We reopened on Friday 2 July 2021 with a new building, twice the size as before.
Designed by award-winning architects, Citizens Design Bureau, our contemporary two-storey extension includes a new gallery, learning studio & kitchen, collection store, shop and café. Our beloved Grade II* listed Synagogue has also been fully restored and refurbished to its original decorative scheme.
Our Corten clad façade lights up at night like a beacon on Cheetham Hill Road, with the light shining through the intricate patterns that mirror the designs by our Spanish and Portuguese Synagogue original architect Edward Salomons.
A new gallery, designed by All Things, showcases our collection based around the universal themes of journeys, communities and identities, sharing the stories of Jewish Manchester with the world.
Our new museum will be a place to experience and explore how we are different, together. We make connections to make things better.
Our new building has won the following awards following our £6 million capital redevelopment supported by the National Heritage Lottery Fund:
- British Construction Industry Awards 2021: Cultural & Leisure Project of the Year
- British Construction Industry Awards 2021: Best Small Project (under £10 million)
- Facade Awards UK 2021: Best Use of Rainscreen Using Specialist Metal, to Include (Zinc, Copper, Brass)
- AJ Retrofit Finalist: Cultural and Religious Buildings
- Blueprint Awards: Best Public-Use Project with Public Funding
- Dezeen Awards 2021: Cultural Building
- Civic Trust Awards 2022: National/International Project & Regional Finalist
- Northern Design Awards 2021: Commercial Build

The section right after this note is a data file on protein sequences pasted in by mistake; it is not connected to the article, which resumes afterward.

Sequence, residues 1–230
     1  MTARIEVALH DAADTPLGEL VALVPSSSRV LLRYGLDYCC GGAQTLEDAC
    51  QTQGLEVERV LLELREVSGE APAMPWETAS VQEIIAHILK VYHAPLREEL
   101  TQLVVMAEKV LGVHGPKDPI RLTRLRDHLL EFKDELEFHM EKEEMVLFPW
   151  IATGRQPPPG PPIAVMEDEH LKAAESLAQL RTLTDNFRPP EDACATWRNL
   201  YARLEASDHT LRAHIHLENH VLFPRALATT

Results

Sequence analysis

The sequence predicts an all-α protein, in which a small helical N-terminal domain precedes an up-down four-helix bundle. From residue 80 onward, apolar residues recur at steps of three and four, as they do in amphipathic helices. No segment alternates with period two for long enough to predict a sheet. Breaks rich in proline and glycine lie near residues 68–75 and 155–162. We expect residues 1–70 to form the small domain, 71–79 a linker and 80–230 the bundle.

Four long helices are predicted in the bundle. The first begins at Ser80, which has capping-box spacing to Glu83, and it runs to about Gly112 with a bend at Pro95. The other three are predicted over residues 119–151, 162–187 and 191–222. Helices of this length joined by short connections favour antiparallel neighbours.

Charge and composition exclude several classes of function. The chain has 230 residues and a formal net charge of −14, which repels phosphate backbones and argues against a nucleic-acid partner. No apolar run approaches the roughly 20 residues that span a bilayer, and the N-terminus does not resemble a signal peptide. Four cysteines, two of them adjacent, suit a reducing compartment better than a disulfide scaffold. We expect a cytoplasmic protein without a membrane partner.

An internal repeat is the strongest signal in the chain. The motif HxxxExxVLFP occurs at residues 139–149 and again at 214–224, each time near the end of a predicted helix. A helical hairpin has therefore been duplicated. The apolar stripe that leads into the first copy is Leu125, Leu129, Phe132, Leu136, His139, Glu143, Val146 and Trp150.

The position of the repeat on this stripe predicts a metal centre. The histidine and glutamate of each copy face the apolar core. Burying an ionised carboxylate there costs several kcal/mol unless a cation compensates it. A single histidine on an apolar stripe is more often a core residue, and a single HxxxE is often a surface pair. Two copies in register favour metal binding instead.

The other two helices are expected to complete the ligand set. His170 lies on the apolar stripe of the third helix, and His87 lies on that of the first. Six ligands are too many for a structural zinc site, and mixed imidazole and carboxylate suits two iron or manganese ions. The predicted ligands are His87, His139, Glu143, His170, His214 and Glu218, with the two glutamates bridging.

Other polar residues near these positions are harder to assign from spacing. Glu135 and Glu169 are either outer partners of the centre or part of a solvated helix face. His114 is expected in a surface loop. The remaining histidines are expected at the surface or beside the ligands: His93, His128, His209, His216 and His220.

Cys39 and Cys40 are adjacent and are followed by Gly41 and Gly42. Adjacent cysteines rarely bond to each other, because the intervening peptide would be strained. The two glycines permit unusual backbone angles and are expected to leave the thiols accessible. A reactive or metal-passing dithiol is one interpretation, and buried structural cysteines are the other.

- Northern Design Awards 2021: Amazing Space
Our Grade II* listed Spanish and Portuguese Synagogue first opened in 1874, designed by Victorian architect Edward Salomons. Originally built to serve Manchester’s Sephardi Jewish communities, the Synagogue was designed and decorated to reflect the Spanish and Portuguese heritage of the communities that worshipped there. In 1984 the now former synagogue was converted into Manchester Jewish Museum, to preserve both the building and Manchester’s rich Jewish history.
The synagogue has been fully renovated and restored to serve as both a living artefact of a historic Sephardi place of worship and as a stunning cultural events space. We consider our synagogue to be the heart of our museum – a breathtakingly beautiful space in which you can take time to reflect and absorb the history that surrounds you. Oral histories throughout the synagogue share memories of the people who once attended the synagogue, filling the space with authentic Sephardi voices as they recall their experiences.
Find out more about this remarkable building’s history below.
Find out more about our Synagogue